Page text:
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Healdsburg Jazz Presents Jazz and Samba
Sunday, May 24 @ 8:00 pm - 10:00 pmFree
Jazz And Samba
Explore the beginning of Bossa Nova following its arc through Brazil onto the world’s jazz music scene. We will listen to the music of composers like João Gilberto, Antônio Carlos Jobim, and Baden Powell.
Special Guests Claudia Villela And Jovino Santos Neto
This Event Will Be Presented Online Via The Zoom Platform
Sunday, May 24, From 5 Pm To 7 Pm, Pacific Time
Register Here To Receive Your Zoom Invitation
Guest artists, Jovino Santos Neto and Claudia Villela will interpret the music of these great Bossa Nova composers. We will also explore the intersection of Bossa Nova with West Coast Jazz in the late 1950s and early 1960s via Jazz artists like Chet Baker and Stan Getz, as well as vocal icons such as Ella Fitzgerald and Sarah Vaughn. Bossa Nova can also be understood as arising with post-WWII Brazil’s growing urban middle class linking classical European harmonic influences with Its African rhythmic foundations. Finally, we will follow, Bossa Nova into the 21st century as an enduring musical genre.
|Sherry Keith (above left) is professor emeritus of history/social science at San Francisco State University. She has taught at the federal universities of Minas Gerais (Belo Horizonte, BR) Bahia (Salvador, BR) and the National University (Brasilia, BR). Following Brazilian music since the early 1970s, Sherry has incorporated Brazil music into her teaching and research. In 2017, together with Ami Molinelli, she taught “The Brazilian Influence on Jazz” at the California Jazz Conservation, Berkeley, California.||Ami Molinelli (above right) is a professional percussionist and educator specializing in Brazilian and Latin percussion, Her performance and recording credits include theater, television (NBC). She is endorsed by Latin Percussion (LP) and Rhythm Tech. Her last album, História do Choro with Duo Violão Brasl + 1 was released in 2019 and was celebrated as one of the best jazz albums from the Bay Area for 2019. (Andy Gilbert, San Jose Mercury News.) She co-leads the Brazilian and Jazz ensemble, Grupo Falso Baiano, which has been featured on NPR’s The California Report, Radio Latina and Pandora LIVE! Her percussion curriculum has been widely used and published in clinics and education workshops.|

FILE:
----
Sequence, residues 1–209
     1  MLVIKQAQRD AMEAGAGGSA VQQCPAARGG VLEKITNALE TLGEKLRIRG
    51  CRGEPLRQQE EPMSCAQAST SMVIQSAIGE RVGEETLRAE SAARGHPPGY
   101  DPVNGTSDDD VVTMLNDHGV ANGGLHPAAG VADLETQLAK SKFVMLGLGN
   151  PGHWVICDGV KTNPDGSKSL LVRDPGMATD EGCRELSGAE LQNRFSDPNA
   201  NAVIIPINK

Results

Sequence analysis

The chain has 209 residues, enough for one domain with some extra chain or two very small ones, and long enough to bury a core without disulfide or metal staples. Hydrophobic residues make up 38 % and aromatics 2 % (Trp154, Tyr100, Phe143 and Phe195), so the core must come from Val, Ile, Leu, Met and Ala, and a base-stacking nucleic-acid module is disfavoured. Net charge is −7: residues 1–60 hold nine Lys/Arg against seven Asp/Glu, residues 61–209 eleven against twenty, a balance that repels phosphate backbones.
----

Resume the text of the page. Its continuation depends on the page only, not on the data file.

Jovino Santos Neto
Three-time Latin Grammy nominee Jovino Santos Neto, a master pianist, composer and arranger, is among the top Brazilian musicians working today. Currently based in Seattle, Washington, he has throughout his career been closely affiliated with the Brazilian master Hermeto Pascoal. He was an integral part of Pascoal’s group from 1977 to1992, where he fine-tuned his artistry, performing around the world and co-producing several legendary records.
Jovino’s personal style is a creative blend of energetic grooves, deep harmonies, telepathic improvisation, lyrical melodies and great ensemble playing, always inspired and informed by the colorful richness of Brazilian music. His compositions include samba, choro, baião, xote, forró, marcha, and many more styles, rooted in centuries-old musical tradition while pointing to new and adventurous harmonic languages.
Claudia Villela’s voice gets all the attention, and it is easy to understand why. Her glorious five-octave instrument is one of the wonders of jazz, lithe, and startlingly beautiful in every register.
Born and raised in Rio de Janeiro, she sings mostly in Portuguese, interpreting lyrics with keen emotional insight and supple rhythmic command. A supremely inventive scat singer, she has honed a vivid vocabulary of sounds that can evoke the hollow thump of a tabla drum, the muted trumpet Miles Davis, the insistent twang of a berimbau, the ethereal call of a flute, or the distortion-laden Stratocaster licks of Jimi Hendrix.
Based in the Santa Cruz area since the mid-1980s, Villela has evolved into an expressive pianist and percussionist and an ingenious composer and lyricist with an astonishing body of original material, as well as a repertoire of jewels from the Brazilian songbook.
Inspired by Brazilian songwriters, composers and multi-instrumentalists such as Egberto Gismonti, Hermeto Pascoal and Milton Nascimento, Villela draws on a vast range of Brazilian traditions, from samba and bossa nova to the carnival groove partido alto, and baião, a highly syncopated northeastern song form popularized by Luiz Gonzaga in the mid-1940s.